Vincent Bugliosi, the former Los Angeles deputy district attorney who prosecuted the Manson family, passed away Monday night at a Los Angeles hospital following a battle with cancer. He was 80. Bugliosi also penned the 1974 book Helter Skelter, which detailed Charles Manson and his followers’ 1969 murders of actress Sharon Tate and six others and the subsequent investigation and trial. Bugliosi successfully prosecuted Manson and members of his Family in 1971, resulting in 27 guilty verdicts.
In addition to Bugliosi’s near-sterling record as a Los Angeles prosecutor – 105 convictions in 106 felony jury trials, including 21 murder cases – the attorney was also an accomplished author, writing crime-laced tomes on subjects like O.J Simpson, Bill Clinton, George W. Bush and the assassination of John F. Kennedy. “He was a workaholic. What was remarkable was he always found time for everyone who needed work,” his son, Vincent Bugliosi, Jr. told NBC 4 in Los Angeles. “Every fan letter he received, he responded to everyone.”
However, it was his work on the Manson trial and his 1974 true crime classic Helter Skelter that Bugliosi would most be remembered for, a fact that did not escape the prosecutor. “It’s a shorthand way of defining me, no matter what else I do,” Bugliosi once told the Los Angeles Times of the Manson trial. “I can no more separate myself than I can jump away from my own shadow, and it tends to dominate the other things I’ve done.”
Bugliosi helped navigate the jury through the difficult, gory Tate-LaBianca murders, explaining to the jury how Manson distorted Beatles lyrics to spell out a bloody prophecy and manipulate “Family” members. “I think everyone who participated in the murders bought the Helter Skelter theory hook, line and sinker,” Bugliosi told Rolling Stone in 2013. “But did Manson himself believe all this ridiculous, preposterous stuff about all of them living in a bottomless pit in the desert while a worldwide war went on outside? I think, without knowing, that he did not.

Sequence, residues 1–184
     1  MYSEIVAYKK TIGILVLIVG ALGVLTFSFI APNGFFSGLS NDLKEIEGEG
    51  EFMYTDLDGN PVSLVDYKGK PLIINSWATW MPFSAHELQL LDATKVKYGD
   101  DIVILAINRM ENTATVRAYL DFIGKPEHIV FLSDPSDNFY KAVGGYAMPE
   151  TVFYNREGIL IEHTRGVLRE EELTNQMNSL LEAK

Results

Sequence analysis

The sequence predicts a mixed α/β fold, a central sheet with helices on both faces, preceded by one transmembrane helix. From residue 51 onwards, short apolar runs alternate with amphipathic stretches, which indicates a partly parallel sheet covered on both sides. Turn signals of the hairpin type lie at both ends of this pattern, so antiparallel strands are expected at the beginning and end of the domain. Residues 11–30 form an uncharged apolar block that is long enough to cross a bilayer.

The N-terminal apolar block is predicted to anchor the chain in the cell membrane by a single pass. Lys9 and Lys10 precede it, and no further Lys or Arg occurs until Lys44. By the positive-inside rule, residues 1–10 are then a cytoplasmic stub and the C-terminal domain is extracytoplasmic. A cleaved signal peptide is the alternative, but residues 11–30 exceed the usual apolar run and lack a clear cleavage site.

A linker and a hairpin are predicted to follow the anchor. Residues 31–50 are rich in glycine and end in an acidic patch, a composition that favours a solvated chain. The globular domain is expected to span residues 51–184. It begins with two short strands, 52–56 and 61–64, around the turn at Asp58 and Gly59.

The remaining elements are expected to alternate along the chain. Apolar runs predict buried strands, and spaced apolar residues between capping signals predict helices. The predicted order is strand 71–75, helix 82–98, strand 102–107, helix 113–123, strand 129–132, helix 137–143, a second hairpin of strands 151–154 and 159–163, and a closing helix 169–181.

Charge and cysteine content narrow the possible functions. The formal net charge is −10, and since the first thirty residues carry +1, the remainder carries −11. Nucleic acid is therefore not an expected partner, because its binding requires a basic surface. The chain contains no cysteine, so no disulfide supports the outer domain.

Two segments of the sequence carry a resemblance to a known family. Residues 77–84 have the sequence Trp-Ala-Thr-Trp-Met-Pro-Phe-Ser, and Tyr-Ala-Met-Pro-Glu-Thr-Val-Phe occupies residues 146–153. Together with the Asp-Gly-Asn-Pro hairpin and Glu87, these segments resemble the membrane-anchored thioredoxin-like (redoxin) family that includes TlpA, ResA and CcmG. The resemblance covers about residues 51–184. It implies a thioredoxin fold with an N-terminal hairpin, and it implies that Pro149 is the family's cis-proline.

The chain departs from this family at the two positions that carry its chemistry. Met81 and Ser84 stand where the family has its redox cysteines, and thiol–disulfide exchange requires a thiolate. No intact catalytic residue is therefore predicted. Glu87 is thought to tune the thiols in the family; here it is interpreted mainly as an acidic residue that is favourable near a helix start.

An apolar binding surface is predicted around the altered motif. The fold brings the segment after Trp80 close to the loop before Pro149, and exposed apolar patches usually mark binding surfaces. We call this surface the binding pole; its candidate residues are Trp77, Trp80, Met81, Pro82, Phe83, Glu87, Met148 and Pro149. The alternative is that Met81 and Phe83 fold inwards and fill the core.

“I do think one reason why he didn’t participate in the murders is because he thought that’d immunize him or insulate him from criminal responsibility,” he added “But, of course, if you’re guilty of conspiracy to commit murder and there is a murder, then you’re also guilty of that murder. This is boilerplate law.”
Despite dealing with defendants who carved the letter X into their own foreheads, Manson Family members intimidating witnesses and the task of prosecuting a “psychotic episode,” as Manson described it to Rolling Stone, Bugliosi still managed to convince a jury to convict Manson, Charles Watson, Susan Atkins, Patrica Krenwinkel and Leslie Van Houten. Manson and his accomplices were each sentenced to the death penalty in 1972 before their sentences were commuted to life imprisonment the following year.
Bugliosi left the Los Angeles District Attorney’s Office in 1972 and briefly became a defense lawyer and a political candidate before focusing on writing. His Helter Skelter has twice been adapted for films. “There are thousands of evil, polished con men out there, and we’ve had more brutal murders than the Manson murders, so why are we still talking about Charles Manson?” Bugliosi told Rolling Stone. “He had a quality about him that one thousandth of one percent of people have. An aura. ‘Vibes,’ the kids called it in the Sixties. Wherever he went, kids gravitated toward him. This is not normal. I mean, I couldn’t get someone to go to the local Dairy Queen and get me a milkshake, OK? But this guy, I don’t know what it is. How the hell do I know?”